Mark Reviews Movies

Ender's Game

ENDER'S GAME

2 Stars (out of 4)

Director: Gavin Hood

Cast: Asa Butterfield, Harrison Ford, Hailee Steinfeld, Abigail Breslin, Ben Kingsley, Viola Davis, Aramis Knight, Suraj Partha, Moises Arias, Khylin Rhambo, Jimmy "Jax" Pinchak

MPAA Rating: PG-13 (for some violence, sci-fi action and thematic material)

Running Time: 1:54

Release Date: 11/1/13


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Review by Mark Dujsik | October 31, 2013

By the end of Ender's Game, it's clear that the movie has no affinity for the fascistic worldview it has been depicting, but we have to get through a lot of rah-rah rationalization and glorification before the movie reaches its point. It's a problem of narrative, character, and the marriage of the two in the material.

The ultimate point lies in third-act reversal of perception and expectation that changes everything the movie's youngest characters believe they know. It's strange that the twist is a surprise to them, given that what happens and how it transpires is sort of an inevitability; their shock seems to be only a matter of being denied the time to prepare for the event. There's something dishonest about their looks of despair and displays of outrage because, watching them in that moment, one can only wonder, "Well, what did they think they were getting into with all of this?"

That's because the movie, written and directed by Gavin Hood (based on the novel by Orson Scott Card), has made such a fine argument for the necessity of the characters' actions. It's not a matter of it being a morally right argument; anyone with a basic sense of right and wrong can see the inherent folly and highly questionable ethics of the story's premise, which finds a militaristic world in the future in which child soldiers are trained for intergalactic warfare against a foe that is both not human (big, ant-like creatures called Formics) and, according to the top brass, inhuman.

We know the drill, painfully illustrated throughout history and always with devastating results: There's an enemy out there that is not like us and, therefore, must be destroyed, and no matter what we do, we are on the side of right because our cause is justified by the mere existence of the others. Do not question it.

The children here are loyal in that regard. They do not question the reasons for imminent war. They are trained not to. They have been raised with stories of an invasion by an alien force decades before these children were born—of millions killed, heroic acts of derring-do, and victory. They have been told it will happen again; it is only a matter of time.

Of all the movie's child characters, only the movie's protagonist Ender Wiggin (Asa Butterfield) comes to the closest to questioning the system, but he is too enamored with its allure to really work up much of a fight against it. He is, according to his mentor and later commander Colonel Graff (Harrison Ford), special (The repeated shots of Graff standing to observe the actions of his hand-picked protégé with slack-mouthed, wide-eyed awe show he truly believes that). What young boy with dreams of being something great when he grows up—a matter of a few years at most in this world—doesn't want to hear that?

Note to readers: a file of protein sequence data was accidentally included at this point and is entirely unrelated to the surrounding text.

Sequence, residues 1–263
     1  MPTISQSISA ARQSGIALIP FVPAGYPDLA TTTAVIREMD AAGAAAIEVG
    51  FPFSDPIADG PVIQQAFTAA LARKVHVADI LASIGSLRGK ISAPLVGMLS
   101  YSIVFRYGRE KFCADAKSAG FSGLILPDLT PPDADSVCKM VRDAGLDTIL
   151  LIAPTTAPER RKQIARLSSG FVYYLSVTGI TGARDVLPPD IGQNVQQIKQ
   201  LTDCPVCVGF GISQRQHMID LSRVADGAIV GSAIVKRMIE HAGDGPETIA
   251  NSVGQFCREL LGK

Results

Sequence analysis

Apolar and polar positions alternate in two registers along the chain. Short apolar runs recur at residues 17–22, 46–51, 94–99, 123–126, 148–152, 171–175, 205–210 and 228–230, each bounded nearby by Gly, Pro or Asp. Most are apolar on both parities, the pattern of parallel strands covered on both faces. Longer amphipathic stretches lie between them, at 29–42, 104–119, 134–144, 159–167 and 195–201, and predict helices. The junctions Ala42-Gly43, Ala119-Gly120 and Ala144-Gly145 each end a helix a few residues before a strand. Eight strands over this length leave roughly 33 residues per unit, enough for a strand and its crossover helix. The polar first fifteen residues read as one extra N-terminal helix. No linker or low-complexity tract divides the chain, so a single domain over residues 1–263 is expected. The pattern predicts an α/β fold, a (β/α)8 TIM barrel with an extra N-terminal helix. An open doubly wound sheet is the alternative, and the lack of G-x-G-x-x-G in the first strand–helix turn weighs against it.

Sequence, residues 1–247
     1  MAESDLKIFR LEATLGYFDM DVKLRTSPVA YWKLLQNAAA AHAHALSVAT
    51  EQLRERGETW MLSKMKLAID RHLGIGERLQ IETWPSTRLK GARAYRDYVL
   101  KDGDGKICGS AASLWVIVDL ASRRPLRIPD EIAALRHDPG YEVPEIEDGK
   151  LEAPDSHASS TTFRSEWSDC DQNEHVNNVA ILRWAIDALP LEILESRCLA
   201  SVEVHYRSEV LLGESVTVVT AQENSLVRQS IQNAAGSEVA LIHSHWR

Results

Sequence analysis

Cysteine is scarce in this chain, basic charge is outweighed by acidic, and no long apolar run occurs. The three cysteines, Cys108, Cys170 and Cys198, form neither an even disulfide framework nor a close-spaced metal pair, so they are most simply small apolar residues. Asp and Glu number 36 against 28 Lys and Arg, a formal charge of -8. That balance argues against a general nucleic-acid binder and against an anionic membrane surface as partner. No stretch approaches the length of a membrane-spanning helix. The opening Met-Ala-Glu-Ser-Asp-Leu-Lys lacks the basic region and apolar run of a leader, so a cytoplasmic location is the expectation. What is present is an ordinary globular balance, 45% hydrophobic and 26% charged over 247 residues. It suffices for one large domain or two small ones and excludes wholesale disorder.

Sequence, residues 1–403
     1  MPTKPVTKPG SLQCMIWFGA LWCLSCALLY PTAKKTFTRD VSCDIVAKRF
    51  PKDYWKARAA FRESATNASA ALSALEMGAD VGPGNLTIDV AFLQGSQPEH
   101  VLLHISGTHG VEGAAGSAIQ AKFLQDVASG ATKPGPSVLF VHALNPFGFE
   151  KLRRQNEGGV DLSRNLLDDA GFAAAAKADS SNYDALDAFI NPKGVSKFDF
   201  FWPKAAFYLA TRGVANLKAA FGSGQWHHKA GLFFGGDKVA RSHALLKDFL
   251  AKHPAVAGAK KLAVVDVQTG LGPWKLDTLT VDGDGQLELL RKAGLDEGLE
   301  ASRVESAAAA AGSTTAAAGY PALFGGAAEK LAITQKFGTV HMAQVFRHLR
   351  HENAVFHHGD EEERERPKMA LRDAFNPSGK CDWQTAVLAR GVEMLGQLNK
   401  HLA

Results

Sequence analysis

Ender is conflicted but only in terms of his emotions. He has no problem developing and implementing a strategy that will incapacitate an enemy, hence preventing future attacks, but he does feel guilty that he often comes to a rage in order to do so. The implication is that he wishes he were more the sociopathic type, able to dole out attacks without having to deal with the emotional baggage that accompanies them, or at least that's what he believes he should be in order to succeed in Battle School on his path to becoming a potential savior for the human race.

The rationale for employing children in such a manner is questionable (Viola Davis plays a military psychologist who is the only character to actually vocalize this thought, and Ben Kingsley plays a character whose existence forces us to question the hero's importance). They are, Graff argues, better at higher-level problem-solving. What it really amounts to is that kids are better at playing games, which is really—in between Ender's attempts to rally his classmates under his leadership through a series of calculated interpersonal interactions (i.e., making friends with the right people, challenging authority, standing up to a bully no one likes)—all they do.

Training for cadets involves a game that is like a cross between freeze tag and laser tag. The combatants, divided into teams, shoot at each other with blasters that freeze the part of the body that is hit by the beam; each team tries to eliminate the other or reach the opposing team's gate. The catch is that the game takes place in a dome—part of a bigger ship orbiting Earth—that creates a zero-gravity environment. The game is simple enough to understand, but the actual playing of it leaves us in the dark about whatever strategy is unfolding. It's more of a visual distraction, with the twirling bodies moving every which way in long shots that emphasize the scope of the space and the stunning view surrounding it.

The second game, which takes place when Ender and his comrades move up to Command School, is less involving and has Ender leading his soldiers in a series of simulated battles with the alien forces. By the time this section comes around, Ender's Game grows repetitive quickly, and without any genuinely sympathetic characters (or even ones with common sense) to stand behind, the movie's ultimate lesson in compassion feels like a false afterthought.

Copyright © 2013 by Mark Dujsik. All rights reserved.

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